We have shown that Atp10c, a type 4 P-type ATPase, is a strong candidate affecting glucose and lipid metabolism in humans and mice. Atp10c is a putative phospholipid translocase associated with cell signaling and intracellular protein trafficking. In order to examine the biological role of Atp10c, semiquantitative reverse transcriptase - polymerase chain reaction was carried out. Atp10c mRNA is expressed in 3T3-L1 cells and in primary preadipocytes and adipocytes generated from mice. Atp10c mRNA is regulated during fat cell differentiation and modulated by PPARγ agonists and antagonists as well as by hormonal factors (insulin and dexamethasone). Atp10c expression is regulated by both the process of adipocyte differentiation and by effectors of fat and glucose metabolism. Taken together these data along with the published phenotype of the Atp10c heterozygote mice suggest that ATP10C is a newly identified protein with a possible biological role in the development of obesity and obesity-related metabolic disorders.
Article
Full-text available
To obtain compounds that promote glucose uptake in muscle cells, the novel cell lines A31-IS derived from Balb/c 3T3 A31 and C2C12-IS from mouse myoblast C2C12 were established. In both cell lines, glucose consumption was induced by insulin and suppressed by the addition of Akt-activating kinase inhibitor. The A31-IS cells highly express the insulin receptor beta chains, Glut4, and uncoupling protein-3, as compared to the parent Balb/c 3T3 A31 cells, and C2C12-IS cells highly express the insulin receptor beta chain as compared to its parent cell line. Using A31-IS cells, we screened our library compounds and obtained three compounds, DF-4394, DF-4451, and DG-5451. These compounds dose-dependently promoted glucose consumption in A31-IS cells and facilitated [3H]-2-deoxyglucose uptake in differentiated C2C12-IS cells. The compounds that we obtained from the library screening will be good candidates for improving insulin resistance in muscle cells.
Article
Studies in which GLUT4 has been overexpressed in transgenic mice provide definitive evidence that glucose transport is rate limiting for muscle glucose disposal. Transgenic overexpression of GLUT4 selectively in skeletal muscle results in increased whole body glucose uptake and improves glucose homeostasis. These studies strengthen the hypothesis that the level of muscle GLUT4 affects the rate of whole body glucose disposal, and underscore the importance of GLUT4 in skeletal muscle for maintaining whole body glucose homeostasis. Studies in which GLUT4 has been ablated or 'knocked-out' provide proof that GLUT4 is the primary effector for mediating glucose transport in skeletal muscle and adipose tissue. Genetic ablation of GLUT4 results in impaired insulin tolerance and defects in glucose metabolism in skeletal muscle and adipose tissue. Because impaired muscle glucose transport leads to reduced whole body glucose uptake and hyperglycaemia, understanding the molecular regulation of glucose transport in ske...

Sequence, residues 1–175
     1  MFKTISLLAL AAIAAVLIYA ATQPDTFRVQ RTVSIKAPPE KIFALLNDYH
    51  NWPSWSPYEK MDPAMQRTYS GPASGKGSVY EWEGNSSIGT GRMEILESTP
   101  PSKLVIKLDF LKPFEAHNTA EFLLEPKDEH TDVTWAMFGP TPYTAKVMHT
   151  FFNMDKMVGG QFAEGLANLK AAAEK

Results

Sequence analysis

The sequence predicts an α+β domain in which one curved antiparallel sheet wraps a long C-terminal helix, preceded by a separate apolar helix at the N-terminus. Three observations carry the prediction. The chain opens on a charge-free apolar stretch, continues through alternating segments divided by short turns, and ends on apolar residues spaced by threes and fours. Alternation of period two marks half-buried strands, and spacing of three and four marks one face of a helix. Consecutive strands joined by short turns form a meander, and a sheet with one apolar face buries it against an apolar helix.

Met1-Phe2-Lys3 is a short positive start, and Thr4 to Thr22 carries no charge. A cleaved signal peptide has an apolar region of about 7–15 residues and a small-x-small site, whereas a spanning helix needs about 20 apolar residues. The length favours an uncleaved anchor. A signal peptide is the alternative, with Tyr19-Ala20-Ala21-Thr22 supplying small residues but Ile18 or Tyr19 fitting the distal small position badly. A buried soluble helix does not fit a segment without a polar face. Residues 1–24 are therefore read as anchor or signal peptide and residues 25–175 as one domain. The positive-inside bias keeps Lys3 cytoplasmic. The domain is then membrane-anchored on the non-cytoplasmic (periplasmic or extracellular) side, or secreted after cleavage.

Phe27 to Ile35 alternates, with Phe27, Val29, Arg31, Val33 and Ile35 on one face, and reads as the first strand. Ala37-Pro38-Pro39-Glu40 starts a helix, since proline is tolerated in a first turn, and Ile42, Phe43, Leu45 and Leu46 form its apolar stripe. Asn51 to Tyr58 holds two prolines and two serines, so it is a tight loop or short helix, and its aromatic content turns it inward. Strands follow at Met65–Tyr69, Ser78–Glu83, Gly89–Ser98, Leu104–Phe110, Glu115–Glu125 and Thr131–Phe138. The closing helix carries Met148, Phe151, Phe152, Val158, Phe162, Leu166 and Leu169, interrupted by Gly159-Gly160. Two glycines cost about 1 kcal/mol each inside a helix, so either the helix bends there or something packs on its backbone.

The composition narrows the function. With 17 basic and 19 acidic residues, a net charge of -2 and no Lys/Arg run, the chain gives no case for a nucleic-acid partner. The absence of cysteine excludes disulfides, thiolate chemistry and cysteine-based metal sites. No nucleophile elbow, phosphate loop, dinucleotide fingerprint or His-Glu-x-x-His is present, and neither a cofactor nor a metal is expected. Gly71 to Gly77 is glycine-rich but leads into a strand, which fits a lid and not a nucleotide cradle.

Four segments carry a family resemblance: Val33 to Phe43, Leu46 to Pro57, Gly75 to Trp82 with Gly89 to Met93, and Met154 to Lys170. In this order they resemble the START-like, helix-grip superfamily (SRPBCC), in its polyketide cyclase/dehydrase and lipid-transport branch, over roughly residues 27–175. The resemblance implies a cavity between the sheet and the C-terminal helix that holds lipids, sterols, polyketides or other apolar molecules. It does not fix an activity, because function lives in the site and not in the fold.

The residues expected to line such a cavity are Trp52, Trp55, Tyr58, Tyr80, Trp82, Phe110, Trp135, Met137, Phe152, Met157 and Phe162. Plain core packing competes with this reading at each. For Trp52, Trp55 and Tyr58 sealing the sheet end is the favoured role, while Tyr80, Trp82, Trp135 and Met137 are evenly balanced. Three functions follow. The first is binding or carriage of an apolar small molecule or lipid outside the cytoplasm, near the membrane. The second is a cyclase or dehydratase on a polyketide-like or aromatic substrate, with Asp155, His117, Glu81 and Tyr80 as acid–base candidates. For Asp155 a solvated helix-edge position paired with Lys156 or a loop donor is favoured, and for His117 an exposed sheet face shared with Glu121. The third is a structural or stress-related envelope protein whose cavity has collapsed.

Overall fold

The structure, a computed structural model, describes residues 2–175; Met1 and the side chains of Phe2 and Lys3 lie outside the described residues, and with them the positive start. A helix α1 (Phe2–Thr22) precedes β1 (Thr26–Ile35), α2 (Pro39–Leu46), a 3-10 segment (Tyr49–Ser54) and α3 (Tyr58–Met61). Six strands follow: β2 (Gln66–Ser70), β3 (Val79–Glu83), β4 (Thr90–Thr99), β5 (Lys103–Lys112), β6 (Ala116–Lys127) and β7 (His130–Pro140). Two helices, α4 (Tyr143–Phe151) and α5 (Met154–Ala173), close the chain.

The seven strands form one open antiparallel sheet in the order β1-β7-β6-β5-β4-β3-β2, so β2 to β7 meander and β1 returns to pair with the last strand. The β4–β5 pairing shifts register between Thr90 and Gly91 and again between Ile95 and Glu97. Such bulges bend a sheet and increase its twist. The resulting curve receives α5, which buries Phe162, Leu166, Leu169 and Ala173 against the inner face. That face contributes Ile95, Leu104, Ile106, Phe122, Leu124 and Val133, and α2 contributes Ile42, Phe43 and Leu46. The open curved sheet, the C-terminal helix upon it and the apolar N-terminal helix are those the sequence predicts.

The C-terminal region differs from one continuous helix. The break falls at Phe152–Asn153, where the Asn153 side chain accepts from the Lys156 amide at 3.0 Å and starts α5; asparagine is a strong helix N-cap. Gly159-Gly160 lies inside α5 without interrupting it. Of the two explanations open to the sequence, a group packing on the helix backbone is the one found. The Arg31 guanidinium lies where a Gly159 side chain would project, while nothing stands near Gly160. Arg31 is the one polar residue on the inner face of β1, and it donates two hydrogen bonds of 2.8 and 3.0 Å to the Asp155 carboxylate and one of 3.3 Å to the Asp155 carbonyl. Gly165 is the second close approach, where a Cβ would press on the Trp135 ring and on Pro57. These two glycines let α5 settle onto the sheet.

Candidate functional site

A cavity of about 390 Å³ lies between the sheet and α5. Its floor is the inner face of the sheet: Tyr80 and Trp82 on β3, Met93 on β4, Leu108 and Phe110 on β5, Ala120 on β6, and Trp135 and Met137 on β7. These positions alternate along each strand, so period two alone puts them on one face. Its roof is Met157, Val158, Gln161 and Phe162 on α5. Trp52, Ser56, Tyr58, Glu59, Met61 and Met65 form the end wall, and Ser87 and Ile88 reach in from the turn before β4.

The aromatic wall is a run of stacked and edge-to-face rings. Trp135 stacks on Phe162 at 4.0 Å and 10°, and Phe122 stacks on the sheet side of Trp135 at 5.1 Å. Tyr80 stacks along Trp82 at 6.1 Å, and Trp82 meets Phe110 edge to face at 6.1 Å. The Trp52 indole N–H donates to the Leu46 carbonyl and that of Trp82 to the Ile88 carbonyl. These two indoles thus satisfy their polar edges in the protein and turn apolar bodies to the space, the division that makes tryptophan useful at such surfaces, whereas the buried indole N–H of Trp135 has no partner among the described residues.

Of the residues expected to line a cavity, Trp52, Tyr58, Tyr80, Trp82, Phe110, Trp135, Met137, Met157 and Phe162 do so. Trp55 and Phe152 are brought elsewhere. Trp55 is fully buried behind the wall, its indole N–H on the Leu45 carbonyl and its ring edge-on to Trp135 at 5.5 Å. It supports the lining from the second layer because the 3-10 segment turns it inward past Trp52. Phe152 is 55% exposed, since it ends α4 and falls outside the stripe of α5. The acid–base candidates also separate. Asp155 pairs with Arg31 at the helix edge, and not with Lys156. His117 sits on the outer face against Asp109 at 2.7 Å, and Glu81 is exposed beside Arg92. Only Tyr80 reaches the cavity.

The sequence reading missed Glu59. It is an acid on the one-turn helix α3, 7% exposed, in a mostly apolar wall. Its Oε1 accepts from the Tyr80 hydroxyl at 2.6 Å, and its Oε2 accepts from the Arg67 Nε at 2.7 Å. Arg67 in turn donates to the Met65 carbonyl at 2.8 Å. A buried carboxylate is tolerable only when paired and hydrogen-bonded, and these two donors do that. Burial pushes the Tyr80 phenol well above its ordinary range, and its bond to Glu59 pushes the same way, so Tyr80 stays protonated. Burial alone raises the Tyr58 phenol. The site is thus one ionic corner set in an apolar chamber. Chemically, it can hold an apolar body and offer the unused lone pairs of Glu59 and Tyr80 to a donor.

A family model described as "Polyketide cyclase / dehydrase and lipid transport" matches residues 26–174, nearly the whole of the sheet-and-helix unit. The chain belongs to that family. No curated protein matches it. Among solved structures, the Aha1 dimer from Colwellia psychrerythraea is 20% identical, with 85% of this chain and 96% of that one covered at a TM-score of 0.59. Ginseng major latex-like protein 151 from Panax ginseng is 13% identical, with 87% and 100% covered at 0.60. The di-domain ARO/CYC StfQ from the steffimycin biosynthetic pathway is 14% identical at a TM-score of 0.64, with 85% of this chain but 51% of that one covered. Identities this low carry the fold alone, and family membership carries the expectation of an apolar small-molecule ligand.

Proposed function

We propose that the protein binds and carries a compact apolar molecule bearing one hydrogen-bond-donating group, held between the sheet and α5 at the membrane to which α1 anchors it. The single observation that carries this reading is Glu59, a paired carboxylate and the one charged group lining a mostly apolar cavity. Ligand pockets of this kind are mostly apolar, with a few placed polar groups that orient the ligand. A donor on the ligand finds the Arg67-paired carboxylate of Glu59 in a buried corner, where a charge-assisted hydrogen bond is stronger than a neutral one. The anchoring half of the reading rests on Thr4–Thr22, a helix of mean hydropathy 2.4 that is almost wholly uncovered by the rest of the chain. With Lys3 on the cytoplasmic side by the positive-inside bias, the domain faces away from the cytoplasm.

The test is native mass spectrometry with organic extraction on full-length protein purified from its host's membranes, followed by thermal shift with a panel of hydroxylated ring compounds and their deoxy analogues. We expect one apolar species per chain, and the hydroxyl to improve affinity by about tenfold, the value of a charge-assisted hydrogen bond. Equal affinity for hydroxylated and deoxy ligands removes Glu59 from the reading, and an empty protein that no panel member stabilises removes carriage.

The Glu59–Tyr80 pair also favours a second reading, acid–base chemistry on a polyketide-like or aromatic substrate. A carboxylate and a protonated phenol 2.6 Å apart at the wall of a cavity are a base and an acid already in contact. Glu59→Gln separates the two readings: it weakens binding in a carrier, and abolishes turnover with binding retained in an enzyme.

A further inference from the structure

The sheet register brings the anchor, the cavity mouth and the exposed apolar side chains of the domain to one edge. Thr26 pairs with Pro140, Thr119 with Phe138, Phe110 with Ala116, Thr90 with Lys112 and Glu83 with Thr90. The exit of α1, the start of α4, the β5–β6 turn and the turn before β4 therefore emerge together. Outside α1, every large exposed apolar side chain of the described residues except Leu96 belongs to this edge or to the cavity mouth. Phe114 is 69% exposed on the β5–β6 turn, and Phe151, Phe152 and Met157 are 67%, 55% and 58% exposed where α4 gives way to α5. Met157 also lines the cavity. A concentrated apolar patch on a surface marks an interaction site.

Article
RÉSUMÉ Skeletal muscle glucose uptake is mediated by glucose trans- porter 4, the major isoform that is responsive to hormones such as insulin, and by energy-demanding conditions such as exercise and hypoxia. While participation of the phosphati- dylinositol 3-kinase (PI3K) pathway in insulin-stimulated glucose uptake is well established, the signals involved in mediating glucose uptake in response to exercise and hypox- ia (collectively termed "alternative pathway" since it is PI3K- independent) are largely unknown. 5'-AMP-activated kinase (AMPK) and Ca 2+ have been implicated in these insulin-
Article
Mouse and human Atp10c genes are strong candidates for changes in bodyweight and glucose homeostasis. Using comparative genomic analysis, a novel canine P4-type ATPase, ATP10C, was identified. Expression of ATP10C was compared between sex-matched lean (body condition score, BCS<8; n=7) and obese (BCS⩾8, n=8) client-owned dogs of comparable ages. Canine ATP10C is highly expressed in visceral and subcutaneous fat at approximately 3-fold levels compared to the omental adipose depot. There was a 5-fold significant increase (P<0.0001) in mRNA expression of ATP10C in dogs with a BCS⩾8.
Article
Guanidine, the active ingredient extracted from Galega officinalis, is introduced as a ligand for imidazoline I2 receptor (I2R) because guanidine decreased plasma glucose via an activation of I2BR to increase glucose uptake into skeletal muscle isolated from Wistar rats. However, the signals for this action of guanidine remained obscure. In the present study, we used the cultured skeletal muscle fibroblast named C2C12 cell line to investigate this point. We found that guanidine increased the phosphorylation of AMP-activated protein kinase (AMPK) in addition to the higher of glucose transporter GLUT4 expression and glucose uptake. These effects of guanidine were blocked by the pretreatment with I2R antagonist BU224 but not by the blockade of I2AR amiloride. Moreover, compound C at concentrations sufficient to inhibit AMPK blocked the guanidine-induced glucose uptake and GLUT4 protein level. These results suggested that guanidine increases glucose uptake via an activation of I2BR through AMPK activation in skeletal muscle cell; this view has not been mentioned before.